I have a friend named Donna who is remarkable. Part of the church family we’ve adopted, she has strong opinions about most things, and she is not shy about making them known. Donna is the ultimate volunteer; her dedication to taking on some of the routine office chores has made her a necessary part of my job. She has a long history with the church, and a keen memory for the evolution of most events there. I can’t count the number of times someone has said, “Ask Donna,” when something puzzles us.

Her volunteerism doesn’t only benefit the church. Since I’ve known her, she has volunteered weekly at the V.A. (the veterans’ hospital), at VEAP (our local food shelf), and as a driver for friends who no longer drive themselves. She coordinates food deliveries for families in crisis, has served in most capacities, and on most committees, keeping track of decisions made, minutes of meetings, newsletters that she has produced, and being the unofficial church historian.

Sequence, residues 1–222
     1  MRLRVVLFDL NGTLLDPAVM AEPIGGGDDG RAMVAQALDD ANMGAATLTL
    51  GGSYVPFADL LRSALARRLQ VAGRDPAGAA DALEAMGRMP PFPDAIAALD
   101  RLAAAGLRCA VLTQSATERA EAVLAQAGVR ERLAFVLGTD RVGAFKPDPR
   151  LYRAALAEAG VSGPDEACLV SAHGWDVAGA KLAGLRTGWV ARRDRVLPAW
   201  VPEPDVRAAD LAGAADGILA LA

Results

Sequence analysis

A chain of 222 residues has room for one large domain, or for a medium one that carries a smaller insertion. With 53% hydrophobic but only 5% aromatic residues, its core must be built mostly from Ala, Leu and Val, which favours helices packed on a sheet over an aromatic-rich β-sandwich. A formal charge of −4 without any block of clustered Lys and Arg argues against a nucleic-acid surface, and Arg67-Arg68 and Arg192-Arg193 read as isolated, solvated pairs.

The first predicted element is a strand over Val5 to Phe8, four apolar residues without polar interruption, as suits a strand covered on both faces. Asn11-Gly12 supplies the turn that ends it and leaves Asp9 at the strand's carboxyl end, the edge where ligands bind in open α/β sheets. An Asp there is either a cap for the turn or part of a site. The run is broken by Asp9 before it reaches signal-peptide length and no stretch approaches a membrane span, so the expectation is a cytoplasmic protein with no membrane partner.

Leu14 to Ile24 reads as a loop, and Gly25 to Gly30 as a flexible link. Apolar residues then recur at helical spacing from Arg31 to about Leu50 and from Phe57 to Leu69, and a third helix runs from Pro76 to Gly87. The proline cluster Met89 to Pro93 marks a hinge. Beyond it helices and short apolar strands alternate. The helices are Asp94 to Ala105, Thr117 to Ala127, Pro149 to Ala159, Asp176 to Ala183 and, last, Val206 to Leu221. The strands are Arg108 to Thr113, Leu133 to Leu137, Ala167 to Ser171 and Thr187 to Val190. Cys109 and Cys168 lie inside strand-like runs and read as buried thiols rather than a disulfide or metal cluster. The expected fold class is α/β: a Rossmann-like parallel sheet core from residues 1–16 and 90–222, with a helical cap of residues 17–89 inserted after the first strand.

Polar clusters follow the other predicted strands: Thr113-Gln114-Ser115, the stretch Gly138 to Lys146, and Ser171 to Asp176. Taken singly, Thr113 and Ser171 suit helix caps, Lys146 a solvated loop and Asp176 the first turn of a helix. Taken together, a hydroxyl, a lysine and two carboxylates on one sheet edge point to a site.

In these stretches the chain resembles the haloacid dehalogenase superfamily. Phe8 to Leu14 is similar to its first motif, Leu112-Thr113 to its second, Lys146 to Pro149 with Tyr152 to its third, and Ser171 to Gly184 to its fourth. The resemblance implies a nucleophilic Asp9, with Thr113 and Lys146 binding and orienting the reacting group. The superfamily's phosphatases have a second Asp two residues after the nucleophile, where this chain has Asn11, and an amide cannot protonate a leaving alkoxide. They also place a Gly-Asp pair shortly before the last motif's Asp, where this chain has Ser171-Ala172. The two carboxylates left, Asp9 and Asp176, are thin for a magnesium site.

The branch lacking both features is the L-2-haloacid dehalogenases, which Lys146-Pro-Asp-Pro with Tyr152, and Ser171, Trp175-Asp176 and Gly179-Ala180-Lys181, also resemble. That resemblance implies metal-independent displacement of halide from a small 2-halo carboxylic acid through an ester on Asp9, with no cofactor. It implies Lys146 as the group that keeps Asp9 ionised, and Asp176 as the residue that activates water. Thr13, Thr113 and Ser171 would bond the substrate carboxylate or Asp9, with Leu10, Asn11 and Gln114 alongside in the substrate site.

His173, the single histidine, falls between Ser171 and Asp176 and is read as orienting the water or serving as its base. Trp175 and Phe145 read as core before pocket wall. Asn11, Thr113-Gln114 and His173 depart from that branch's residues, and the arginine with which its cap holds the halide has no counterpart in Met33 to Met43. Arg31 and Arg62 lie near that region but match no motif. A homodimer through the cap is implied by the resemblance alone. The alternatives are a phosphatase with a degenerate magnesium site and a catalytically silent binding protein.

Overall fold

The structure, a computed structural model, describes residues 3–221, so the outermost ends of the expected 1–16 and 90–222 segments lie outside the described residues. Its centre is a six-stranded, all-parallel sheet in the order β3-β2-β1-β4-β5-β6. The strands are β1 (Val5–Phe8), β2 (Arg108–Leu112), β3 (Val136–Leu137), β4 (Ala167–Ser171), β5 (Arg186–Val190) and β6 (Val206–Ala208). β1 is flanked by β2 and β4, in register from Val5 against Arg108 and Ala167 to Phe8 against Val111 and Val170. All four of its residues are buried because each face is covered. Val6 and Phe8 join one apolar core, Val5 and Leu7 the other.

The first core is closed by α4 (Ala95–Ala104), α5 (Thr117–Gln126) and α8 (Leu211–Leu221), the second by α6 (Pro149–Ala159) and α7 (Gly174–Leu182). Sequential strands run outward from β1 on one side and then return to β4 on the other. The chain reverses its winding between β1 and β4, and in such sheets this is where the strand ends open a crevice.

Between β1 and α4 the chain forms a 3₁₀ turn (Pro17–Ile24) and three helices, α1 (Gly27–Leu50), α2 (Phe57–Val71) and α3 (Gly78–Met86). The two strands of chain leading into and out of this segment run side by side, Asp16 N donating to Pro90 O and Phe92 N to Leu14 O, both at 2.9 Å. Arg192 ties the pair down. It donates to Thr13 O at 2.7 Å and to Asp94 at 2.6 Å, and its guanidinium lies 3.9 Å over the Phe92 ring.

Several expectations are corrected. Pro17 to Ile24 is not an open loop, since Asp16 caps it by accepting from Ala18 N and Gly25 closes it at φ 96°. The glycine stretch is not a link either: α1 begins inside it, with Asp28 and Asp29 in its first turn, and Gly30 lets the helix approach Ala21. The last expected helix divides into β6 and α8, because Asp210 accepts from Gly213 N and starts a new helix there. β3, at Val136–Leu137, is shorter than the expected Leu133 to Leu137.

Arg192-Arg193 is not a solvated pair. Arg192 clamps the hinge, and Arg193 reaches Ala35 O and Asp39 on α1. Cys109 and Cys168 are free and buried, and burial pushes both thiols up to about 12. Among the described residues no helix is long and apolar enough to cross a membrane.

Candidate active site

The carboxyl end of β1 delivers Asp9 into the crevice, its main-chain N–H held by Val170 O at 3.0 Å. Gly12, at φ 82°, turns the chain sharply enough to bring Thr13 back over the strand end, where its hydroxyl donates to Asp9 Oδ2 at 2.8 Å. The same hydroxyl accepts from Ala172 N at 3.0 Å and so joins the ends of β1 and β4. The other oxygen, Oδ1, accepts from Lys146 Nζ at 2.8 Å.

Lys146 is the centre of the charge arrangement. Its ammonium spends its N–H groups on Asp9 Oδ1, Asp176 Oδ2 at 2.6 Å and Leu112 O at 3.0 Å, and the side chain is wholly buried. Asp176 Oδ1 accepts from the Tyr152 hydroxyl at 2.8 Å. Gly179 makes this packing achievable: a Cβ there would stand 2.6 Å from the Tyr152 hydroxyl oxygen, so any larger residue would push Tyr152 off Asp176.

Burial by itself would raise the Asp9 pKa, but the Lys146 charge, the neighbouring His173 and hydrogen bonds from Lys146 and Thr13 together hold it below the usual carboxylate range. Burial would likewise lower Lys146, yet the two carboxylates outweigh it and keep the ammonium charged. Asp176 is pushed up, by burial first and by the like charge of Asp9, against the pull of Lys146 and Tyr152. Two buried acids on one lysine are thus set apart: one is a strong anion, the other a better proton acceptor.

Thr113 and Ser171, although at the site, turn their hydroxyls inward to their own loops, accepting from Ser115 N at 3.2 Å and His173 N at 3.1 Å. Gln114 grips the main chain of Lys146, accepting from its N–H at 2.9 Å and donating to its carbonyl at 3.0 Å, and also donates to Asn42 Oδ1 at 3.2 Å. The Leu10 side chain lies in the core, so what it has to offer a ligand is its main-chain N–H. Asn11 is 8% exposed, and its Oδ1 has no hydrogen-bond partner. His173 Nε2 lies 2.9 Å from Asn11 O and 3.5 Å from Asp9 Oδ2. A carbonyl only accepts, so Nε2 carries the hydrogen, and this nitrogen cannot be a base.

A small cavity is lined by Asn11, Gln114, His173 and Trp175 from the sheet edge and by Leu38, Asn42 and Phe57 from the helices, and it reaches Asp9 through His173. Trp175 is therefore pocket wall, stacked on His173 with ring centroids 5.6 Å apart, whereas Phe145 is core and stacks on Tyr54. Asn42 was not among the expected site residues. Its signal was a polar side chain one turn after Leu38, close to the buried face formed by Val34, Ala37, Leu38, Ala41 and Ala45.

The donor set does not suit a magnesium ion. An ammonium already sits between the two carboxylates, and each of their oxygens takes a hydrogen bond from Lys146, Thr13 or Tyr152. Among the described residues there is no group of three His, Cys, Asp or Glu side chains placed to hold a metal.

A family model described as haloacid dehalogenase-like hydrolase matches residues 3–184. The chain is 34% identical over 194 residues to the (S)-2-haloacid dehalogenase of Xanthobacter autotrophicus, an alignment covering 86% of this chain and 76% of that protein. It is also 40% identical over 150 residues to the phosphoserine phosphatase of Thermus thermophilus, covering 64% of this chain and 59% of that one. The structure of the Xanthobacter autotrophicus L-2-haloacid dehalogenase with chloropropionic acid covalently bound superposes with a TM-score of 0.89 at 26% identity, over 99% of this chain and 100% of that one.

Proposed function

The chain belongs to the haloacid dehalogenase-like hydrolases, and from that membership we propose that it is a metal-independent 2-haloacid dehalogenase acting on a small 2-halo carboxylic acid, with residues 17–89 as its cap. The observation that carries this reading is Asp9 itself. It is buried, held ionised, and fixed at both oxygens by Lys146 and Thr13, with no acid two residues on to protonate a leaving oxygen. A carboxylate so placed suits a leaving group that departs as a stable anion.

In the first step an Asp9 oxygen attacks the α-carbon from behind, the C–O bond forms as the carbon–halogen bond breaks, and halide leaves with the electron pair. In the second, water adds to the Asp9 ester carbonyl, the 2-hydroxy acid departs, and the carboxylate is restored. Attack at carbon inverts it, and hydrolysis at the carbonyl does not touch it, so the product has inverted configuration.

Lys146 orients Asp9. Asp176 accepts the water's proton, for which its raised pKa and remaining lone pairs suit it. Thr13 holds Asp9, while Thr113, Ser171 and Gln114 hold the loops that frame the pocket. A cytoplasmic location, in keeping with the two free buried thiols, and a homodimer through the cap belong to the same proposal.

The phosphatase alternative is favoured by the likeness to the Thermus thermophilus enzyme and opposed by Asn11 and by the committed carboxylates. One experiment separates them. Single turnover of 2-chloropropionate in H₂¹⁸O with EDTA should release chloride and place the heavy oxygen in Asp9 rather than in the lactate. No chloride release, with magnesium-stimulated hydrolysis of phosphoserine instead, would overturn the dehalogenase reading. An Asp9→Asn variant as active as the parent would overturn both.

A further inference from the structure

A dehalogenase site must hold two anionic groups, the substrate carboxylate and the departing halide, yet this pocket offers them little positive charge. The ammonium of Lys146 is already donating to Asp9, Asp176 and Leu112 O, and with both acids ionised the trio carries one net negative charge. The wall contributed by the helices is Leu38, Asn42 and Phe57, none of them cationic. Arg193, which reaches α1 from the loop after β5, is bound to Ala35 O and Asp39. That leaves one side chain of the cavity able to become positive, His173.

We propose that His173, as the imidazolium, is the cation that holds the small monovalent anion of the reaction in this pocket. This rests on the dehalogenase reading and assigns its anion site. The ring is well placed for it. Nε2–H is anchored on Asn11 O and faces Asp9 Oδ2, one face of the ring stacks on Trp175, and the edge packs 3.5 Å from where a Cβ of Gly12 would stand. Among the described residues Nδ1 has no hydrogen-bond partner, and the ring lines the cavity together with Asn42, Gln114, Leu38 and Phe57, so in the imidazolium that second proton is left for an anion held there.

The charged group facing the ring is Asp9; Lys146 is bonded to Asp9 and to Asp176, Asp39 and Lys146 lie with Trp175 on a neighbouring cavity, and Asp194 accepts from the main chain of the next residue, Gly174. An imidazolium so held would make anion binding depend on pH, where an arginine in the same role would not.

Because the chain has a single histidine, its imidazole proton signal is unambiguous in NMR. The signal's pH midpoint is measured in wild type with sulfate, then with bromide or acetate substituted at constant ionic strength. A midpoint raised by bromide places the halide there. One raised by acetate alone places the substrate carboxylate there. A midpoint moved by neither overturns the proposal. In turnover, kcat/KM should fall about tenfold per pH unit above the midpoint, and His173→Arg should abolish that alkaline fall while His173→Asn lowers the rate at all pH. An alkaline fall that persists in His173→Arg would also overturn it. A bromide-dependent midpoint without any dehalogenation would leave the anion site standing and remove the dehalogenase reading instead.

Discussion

A voracious reader, Donna has suggested many books to me that I’ve enjoyed and recommended to others. She is a painter, and her portrait of two of my granddaughters is a special reminder of them and of her each time I look at it. And she makes incredible ginger cookies, an essential quality in a friend.

For about five years Donna and I joined several like-minded peace lovers in a weekly vigil on a corner in “downtown” Bloomington. Many of those hours were cold and windy, or hot and humid – typical Minnesota days. We were taunted, harassed, appreciated, and proud of our quiet position against the wars our country was waging.

Our church choir, of which Donna’s husband, Lou, was a member, puts on an annual production. Donna has served as stage manager – keeping backstage foolishness under control – and as a painter of scenery. Her suggestions were wise and welcome.

When I consider cherished moments in the last fifteen years, Donna is more often than not at the heart of them. We have made many special friends in that time, and I am so grateful for my special relationship with Donna. When I grow up, I want to be just like her.